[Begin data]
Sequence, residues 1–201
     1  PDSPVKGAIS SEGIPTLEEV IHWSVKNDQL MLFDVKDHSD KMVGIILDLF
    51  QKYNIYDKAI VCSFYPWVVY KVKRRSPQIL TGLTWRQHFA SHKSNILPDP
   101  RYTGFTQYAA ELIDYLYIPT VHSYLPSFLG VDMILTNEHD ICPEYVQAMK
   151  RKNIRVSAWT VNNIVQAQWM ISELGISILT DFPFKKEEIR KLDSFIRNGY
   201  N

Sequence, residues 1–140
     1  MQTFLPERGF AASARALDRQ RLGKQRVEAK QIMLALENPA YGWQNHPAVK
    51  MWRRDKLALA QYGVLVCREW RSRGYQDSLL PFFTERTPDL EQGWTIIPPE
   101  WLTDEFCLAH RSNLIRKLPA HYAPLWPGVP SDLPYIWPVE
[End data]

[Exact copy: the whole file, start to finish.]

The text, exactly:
Sequence, residues 1–201
     1  PDSPVKGAIS SEGIPTLEEV IHWSVKNDQL MLFDVKDHSD KMVGIILDLF
    51  QKYNIYDKAI VCSFYPWVVY KVKRRSPQIL TGLTWRQHFA SHKSNILPDP
   101  RYTGFTQYAA ELIDYLYIPT VHSYLPSFLG VDMILTNEHD ICPEYVQAMK
   151  RKNIRVSAWT VNNIVQAQWM ISELGISILT DFPFKKEEIR KLDSFIRNGY
   201  N

Sequence, residues 1–140
     1  MQTFLPERGF AASARALDRQ RLGKQRVEAK QIMLALENPA YGWQNHPAVK
    51  MWRRDKLALA QYGVLVCREW RSRGYQDSLL PFFTERTPDL EQGWTIIPPE
   101  WLTDEFCLAH RSNLIRKLPA HYAPLWPGVP SDLPYIWPVE